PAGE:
My computer completely crashed after using driver robot when it installed a generic mouse driver every time I touched my mouse I had a blue screen crash with a driver check sum error … It has also installed an elan touch tablet driver which is now in the toolbar. I dont have this device on my machine. This software is completely useless and will be going for a refund.

Others found they had no way of getting support:

Useless garbage–no contact info given. I attempted use and could see it doing nothing. What now, am I really out $39.90?

So who is Blitware? Its website says

Blitware (or Blitware Technology Inc., to be precise) is a small Canadian software vendor from Victoria, BC, Canada. Blitware’s mission is to take great software products to market and bend over backwards for our partners who help promote them.

(Notice how the company doesn’t say it’s a developer, and stresses the marketing, rather than the consumer, in its literature. That should probably tell you all you need to know, if you hadn’t gotten up too early.)

There is an encouraging link on the home page inviting you to click for Support (“Need support for a Blitware product? Our expert technical support staff is standing by to help you”) —


— but far from take you to that helpful support staff, the link takes you to a Frequently Asked Questions page, and only at the bottom to a link for contacting technical support.

That in turn takes you to a link demanding you register at Blitware first, and then, when that is done, to a page for you to file your question.

Do that and you’re told:

We will reply to this message soon! You will receive an email when we do.

OK, so, what’s wrong with all this, and why call it phishing?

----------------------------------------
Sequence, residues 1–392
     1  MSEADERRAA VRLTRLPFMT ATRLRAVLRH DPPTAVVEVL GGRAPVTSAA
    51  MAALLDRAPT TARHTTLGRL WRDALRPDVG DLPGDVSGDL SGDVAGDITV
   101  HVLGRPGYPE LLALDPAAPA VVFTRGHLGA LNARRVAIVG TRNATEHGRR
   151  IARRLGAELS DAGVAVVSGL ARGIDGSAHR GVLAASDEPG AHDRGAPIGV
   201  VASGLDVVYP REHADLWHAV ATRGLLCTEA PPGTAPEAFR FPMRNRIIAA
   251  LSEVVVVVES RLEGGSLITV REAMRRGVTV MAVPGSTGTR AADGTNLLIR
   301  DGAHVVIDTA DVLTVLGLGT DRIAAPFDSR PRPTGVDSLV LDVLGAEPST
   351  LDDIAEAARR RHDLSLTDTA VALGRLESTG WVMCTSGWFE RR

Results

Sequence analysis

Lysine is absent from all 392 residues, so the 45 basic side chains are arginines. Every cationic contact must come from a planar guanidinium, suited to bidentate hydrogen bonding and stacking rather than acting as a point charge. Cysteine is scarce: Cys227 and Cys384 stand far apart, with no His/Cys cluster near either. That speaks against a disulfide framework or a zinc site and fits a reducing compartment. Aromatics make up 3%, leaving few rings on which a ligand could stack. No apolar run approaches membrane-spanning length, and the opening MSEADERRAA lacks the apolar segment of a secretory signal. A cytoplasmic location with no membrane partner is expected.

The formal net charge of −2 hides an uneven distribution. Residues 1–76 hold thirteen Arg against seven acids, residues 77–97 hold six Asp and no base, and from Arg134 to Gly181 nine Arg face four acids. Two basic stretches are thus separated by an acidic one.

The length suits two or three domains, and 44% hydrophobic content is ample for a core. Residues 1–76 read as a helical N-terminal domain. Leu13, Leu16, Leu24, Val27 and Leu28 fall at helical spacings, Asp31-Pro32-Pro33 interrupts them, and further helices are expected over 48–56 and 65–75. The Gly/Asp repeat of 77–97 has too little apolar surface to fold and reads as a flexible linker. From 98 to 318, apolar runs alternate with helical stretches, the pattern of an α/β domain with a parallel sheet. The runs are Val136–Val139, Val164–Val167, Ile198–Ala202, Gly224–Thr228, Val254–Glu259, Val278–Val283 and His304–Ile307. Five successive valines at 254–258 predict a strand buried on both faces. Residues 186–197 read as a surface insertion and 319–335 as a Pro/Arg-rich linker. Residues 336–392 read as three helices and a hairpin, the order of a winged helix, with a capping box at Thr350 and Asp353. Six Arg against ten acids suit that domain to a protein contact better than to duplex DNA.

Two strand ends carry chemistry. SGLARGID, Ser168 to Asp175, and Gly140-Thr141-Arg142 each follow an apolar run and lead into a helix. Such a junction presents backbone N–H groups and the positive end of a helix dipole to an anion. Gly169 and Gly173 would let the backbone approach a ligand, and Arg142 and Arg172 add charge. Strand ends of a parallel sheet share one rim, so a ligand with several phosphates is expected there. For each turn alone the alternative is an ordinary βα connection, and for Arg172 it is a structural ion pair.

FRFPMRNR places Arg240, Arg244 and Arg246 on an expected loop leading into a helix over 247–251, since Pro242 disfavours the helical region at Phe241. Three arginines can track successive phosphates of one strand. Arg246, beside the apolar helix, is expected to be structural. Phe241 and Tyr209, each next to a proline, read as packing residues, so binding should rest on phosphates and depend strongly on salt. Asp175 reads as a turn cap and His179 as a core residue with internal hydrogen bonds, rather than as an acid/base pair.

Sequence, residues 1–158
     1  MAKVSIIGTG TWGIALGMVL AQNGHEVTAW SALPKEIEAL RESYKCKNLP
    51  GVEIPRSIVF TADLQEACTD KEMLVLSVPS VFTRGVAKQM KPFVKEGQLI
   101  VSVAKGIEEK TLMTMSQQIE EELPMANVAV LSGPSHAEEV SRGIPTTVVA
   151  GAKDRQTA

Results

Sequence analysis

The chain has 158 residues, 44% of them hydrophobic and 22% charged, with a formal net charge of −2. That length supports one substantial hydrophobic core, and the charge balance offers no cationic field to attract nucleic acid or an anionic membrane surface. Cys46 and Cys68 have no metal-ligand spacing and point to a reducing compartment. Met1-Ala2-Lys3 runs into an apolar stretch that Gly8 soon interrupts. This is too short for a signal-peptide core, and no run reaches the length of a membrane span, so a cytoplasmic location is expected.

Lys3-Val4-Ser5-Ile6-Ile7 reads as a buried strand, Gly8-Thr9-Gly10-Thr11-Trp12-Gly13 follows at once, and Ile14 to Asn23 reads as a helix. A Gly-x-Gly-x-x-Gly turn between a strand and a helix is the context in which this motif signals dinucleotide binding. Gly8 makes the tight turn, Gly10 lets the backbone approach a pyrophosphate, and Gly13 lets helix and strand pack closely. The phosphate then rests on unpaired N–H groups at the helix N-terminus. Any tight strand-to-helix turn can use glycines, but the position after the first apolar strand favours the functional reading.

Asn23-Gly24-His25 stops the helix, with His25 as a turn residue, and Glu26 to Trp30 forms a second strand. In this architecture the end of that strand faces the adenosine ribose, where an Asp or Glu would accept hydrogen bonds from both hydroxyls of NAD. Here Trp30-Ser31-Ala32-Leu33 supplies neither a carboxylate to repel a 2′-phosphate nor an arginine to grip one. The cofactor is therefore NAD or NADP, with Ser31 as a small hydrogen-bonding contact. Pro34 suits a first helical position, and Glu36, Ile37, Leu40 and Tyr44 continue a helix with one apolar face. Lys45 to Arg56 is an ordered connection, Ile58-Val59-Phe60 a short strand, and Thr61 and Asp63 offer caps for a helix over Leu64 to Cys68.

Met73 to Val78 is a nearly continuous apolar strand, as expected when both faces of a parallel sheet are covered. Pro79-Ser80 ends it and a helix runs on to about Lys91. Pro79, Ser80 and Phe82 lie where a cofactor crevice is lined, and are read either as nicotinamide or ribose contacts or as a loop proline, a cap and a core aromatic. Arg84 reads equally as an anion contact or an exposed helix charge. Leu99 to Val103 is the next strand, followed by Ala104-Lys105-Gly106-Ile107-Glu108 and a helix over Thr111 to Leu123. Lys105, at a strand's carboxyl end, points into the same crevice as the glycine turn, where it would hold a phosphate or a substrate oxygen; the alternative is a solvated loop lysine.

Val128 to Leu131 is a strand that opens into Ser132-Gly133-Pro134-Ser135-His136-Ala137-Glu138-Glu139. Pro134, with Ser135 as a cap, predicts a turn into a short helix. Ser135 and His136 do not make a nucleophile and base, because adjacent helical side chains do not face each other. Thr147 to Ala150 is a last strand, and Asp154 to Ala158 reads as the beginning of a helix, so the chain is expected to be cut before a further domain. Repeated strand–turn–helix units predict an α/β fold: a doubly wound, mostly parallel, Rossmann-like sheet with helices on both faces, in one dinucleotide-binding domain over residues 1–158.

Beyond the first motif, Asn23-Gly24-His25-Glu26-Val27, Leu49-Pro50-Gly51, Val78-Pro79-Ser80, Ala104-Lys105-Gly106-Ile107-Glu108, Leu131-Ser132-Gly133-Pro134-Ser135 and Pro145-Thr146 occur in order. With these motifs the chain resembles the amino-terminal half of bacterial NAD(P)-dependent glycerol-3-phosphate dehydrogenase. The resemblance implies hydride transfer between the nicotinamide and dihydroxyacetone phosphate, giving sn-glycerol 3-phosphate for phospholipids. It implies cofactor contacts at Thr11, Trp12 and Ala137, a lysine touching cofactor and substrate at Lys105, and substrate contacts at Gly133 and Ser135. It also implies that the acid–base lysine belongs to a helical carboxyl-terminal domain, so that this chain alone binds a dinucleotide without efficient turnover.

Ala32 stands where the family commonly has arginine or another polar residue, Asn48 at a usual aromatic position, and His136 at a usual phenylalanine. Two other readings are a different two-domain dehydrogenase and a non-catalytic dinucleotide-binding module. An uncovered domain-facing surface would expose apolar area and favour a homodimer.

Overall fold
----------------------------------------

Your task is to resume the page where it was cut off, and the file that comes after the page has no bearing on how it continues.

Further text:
Well, phishing is the art of using social engineering tricks to lull a victim into thinking s/he is interacting with a legitimate site/product and to get him/her into coughing up passwords or cash.

Usually with banks, or emails, or accounts etc.

To me this Driver Robot is no different.

From the Google search—where a website with the word Logitech in it—everything is designed to make you think you’re dealing, if not with Logitech, then at least with a company/product that Logitech has endorsed.

The website’s title—the bit that appears in the browser’s top-most bar indicates it’s a Logitech site:


Even the website’s favicon—the little log before the web address—is Logitech’s:


To me this is no different to a scammer putting “Citibank” or “Paypal” somewhere in a web address to fool the user into thinking they’re dealing with someone kosher.

Anything the tricks the user, either into thinking they’re dealing with the real thing, or thinking they have no other option, is, in my view, a scam.

That the software doesn’t seem to work—it found no Logitech drivers or updates, and seems to crash computers—only makes matters worse.

I’m going to find out what Logitech make of their logos and name being used for dodgy purposes.

(more on Driver Phishing here.)

8 thoughts on “Driver Phishing

  1. Jon

    Finally I understand why you don’t use a Mac, it’s all about investigative journalism 😉